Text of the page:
Thomas Jefferson Papers

To Thomas Jefferson from Beesly Edgar Joel, 14 March 1781

From Beesly Edgar Joel

State Yard March 14th. 1781.


I have the honor to inform you, I have for this three Weeks past, been cruising in the Louis Galley From Newport News to Warresqueak Bay. By carrying away my fore yard I was obliged to run up to Chicohomini but shall tomorrow resume my station; on which I have reason to expect I have allready prevented many slaves from forming a Junction with the Enemy.

You will see the propriety of my requesting an order from you to command the Galley pro tempora as it is impossible to forsee what accident may befall me in the Execution of my duty. Do not immagine by this I either request rank, or Pay for my service. It is only to secure me should any misfortune happen. And now Sir, my duty to this Country, my wish for its good, and my respect for you, enduces me to point out a circumstance which is highly prejudicial to the public service. At this time when men are of such importance I could undertake to raise many men for the navy was I not discouraged by the situation in which I find those allready in it. I have now men on board who have neither cloaths to cover them, or even the necessaries of Life, alltho 7 And more months pay due. Believe me Sir this information proceeds from my anxiety for the public good, and I am informed by an officer that a certain person, has at this instant a large sum of money in his hands for the purpose of paying off the Navy, while the Men are labouring under circumstances truly shocking.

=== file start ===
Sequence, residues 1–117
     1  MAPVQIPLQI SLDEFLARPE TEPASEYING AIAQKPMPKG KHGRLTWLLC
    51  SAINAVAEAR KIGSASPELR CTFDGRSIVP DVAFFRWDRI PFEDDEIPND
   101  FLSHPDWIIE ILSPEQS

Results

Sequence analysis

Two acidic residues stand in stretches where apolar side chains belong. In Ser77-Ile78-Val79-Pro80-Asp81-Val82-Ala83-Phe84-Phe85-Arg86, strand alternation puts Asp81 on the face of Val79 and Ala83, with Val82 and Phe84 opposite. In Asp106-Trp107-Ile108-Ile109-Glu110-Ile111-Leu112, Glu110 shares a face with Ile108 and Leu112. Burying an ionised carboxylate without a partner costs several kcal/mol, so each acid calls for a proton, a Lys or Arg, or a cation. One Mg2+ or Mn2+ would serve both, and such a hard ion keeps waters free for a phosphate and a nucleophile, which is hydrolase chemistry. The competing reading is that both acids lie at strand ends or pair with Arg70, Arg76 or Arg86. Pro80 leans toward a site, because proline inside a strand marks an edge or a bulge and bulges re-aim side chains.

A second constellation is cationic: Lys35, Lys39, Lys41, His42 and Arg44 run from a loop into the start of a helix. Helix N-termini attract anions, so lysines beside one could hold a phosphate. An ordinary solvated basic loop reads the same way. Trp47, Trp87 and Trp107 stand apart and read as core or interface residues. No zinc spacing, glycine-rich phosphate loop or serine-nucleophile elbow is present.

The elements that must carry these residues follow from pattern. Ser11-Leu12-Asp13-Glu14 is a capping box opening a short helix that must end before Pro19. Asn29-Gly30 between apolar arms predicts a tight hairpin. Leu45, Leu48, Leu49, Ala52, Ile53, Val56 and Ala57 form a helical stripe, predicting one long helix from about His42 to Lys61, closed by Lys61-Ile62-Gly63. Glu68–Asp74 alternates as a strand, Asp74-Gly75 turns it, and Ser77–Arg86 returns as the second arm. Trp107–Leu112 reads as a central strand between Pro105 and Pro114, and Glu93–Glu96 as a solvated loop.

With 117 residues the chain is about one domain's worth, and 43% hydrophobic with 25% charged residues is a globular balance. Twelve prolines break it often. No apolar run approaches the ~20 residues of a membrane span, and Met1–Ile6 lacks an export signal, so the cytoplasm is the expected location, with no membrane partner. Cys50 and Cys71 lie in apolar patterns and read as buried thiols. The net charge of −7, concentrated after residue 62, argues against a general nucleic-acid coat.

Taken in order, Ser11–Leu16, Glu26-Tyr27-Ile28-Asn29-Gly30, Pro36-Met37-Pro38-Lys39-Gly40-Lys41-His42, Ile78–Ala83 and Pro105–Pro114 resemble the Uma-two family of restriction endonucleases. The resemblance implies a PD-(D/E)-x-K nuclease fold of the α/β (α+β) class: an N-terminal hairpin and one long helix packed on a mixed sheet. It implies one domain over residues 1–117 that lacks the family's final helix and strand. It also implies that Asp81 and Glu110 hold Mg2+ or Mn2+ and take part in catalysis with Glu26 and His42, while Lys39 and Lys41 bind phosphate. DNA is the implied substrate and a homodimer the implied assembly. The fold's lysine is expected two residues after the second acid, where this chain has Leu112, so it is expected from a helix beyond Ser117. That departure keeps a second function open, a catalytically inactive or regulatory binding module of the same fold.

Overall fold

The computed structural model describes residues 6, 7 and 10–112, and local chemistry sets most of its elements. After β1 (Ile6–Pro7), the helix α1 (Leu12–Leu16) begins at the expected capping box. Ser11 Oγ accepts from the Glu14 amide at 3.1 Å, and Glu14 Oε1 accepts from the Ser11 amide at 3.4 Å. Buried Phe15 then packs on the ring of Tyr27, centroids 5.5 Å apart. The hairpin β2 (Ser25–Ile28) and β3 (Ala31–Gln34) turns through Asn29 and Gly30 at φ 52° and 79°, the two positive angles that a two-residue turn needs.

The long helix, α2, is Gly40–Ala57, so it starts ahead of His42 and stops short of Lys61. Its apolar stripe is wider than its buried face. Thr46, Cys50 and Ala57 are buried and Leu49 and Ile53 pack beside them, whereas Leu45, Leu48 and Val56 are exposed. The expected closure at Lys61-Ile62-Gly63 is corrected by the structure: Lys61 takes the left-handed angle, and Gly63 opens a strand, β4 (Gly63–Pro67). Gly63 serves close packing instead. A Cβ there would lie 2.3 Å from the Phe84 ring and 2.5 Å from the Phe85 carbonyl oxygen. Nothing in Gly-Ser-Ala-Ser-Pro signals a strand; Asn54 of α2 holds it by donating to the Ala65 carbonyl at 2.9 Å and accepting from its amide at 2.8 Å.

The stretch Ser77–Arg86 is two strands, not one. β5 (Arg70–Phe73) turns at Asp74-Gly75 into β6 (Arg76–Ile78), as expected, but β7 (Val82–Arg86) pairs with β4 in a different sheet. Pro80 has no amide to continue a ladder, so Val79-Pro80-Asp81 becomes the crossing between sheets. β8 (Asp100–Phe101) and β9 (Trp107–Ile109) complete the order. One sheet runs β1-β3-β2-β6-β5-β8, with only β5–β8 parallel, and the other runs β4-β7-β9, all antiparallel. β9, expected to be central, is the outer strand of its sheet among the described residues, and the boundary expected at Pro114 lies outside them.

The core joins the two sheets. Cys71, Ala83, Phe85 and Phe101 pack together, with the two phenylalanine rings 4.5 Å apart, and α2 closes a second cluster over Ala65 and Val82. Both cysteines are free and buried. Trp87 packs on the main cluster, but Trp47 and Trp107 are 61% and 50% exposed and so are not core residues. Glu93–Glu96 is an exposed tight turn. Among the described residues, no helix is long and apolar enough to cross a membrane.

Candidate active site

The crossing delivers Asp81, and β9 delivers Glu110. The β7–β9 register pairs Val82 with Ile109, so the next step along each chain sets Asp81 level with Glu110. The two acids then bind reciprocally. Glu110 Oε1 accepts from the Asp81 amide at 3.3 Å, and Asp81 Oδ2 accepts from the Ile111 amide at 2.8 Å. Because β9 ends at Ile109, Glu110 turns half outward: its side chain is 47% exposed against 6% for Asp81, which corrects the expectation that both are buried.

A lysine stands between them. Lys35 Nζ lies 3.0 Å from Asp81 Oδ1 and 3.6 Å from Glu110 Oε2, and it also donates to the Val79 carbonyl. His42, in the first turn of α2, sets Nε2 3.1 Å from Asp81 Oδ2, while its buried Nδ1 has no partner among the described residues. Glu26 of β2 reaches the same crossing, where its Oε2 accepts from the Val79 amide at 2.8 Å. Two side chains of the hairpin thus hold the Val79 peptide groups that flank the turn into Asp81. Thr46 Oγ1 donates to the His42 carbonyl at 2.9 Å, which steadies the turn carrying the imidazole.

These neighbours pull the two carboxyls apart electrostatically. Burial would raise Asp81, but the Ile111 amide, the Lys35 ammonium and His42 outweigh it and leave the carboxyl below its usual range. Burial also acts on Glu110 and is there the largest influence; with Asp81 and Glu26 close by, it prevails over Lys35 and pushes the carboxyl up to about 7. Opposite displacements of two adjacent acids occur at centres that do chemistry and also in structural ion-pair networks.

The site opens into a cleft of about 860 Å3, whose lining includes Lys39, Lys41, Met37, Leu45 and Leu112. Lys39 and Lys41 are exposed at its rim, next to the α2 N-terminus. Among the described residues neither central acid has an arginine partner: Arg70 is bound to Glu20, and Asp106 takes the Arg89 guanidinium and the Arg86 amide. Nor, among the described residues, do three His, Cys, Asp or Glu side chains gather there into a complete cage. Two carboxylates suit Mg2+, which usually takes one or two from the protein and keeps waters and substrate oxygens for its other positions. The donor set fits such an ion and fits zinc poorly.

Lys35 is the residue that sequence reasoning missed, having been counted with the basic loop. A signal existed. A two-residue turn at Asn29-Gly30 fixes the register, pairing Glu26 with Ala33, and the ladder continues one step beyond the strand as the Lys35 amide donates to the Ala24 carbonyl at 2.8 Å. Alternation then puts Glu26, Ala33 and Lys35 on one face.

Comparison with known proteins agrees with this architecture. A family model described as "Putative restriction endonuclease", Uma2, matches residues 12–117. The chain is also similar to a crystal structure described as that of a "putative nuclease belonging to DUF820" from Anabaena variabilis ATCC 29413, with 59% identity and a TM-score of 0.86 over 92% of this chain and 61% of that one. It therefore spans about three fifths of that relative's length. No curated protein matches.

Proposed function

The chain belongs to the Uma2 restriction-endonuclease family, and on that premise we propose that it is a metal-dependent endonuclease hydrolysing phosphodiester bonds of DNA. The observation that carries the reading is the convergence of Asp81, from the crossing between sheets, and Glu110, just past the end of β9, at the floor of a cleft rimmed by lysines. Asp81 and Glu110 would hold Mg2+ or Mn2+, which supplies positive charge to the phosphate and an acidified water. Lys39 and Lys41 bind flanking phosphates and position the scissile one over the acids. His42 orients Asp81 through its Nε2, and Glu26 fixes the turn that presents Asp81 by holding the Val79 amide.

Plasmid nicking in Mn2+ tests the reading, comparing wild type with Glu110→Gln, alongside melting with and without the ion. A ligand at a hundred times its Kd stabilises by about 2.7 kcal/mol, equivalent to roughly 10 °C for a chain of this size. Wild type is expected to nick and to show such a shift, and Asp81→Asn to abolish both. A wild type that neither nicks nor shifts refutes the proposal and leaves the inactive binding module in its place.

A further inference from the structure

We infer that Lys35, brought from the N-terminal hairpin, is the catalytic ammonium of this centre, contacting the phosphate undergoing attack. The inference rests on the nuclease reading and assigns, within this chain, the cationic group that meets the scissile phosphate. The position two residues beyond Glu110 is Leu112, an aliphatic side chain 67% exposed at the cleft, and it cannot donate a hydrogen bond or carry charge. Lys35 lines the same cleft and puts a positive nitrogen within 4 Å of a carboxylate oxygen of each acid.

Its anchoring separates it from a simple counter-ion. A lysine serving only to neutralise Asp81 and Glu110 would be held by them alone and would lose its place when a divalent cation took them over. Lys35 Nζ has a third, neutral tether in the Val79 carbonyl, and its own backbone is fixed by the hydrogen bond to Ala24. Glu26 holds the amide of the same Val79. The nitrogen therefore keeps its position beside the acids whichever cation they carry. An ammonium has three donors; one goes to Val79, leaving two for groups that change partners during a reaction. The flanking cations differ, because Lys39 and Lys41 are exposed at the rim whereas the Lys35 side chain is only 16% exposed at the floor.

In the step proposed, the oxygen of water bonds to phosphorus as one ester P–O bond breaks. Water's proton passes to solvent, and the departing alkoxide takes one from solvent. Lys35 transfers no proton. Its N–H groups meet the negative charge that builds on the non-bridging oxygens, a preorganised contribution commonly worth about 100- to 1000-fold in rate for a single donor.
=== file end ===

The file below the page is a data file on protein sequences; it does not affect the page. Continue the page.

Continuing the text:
I am with the highest respect your Obedient

B. Edgar. Joel

RC (Vi); addressed and endorsed.

Shortly after this the adventurer Joel was given his majority. The effect that this had upon some of the Virginia officers may be indicated by the mordant comment of that extraordinarily graphic commentator, Capt. Henry Young: “A little fellow by name Joell, and a deserter from the British with a full stock of impudence and with some little knowledge in drawing like Coll. Senf has procured himself the command of the first Troop in Brents Corps. I dont know what they call them, perhaps waisters of the public stores. This Joell will have the rank of Majr. I think the time will shortly come when it will be disgraceful to rank above a Captain” (Henry Young to William Davies, 21 May 1781, Vi).

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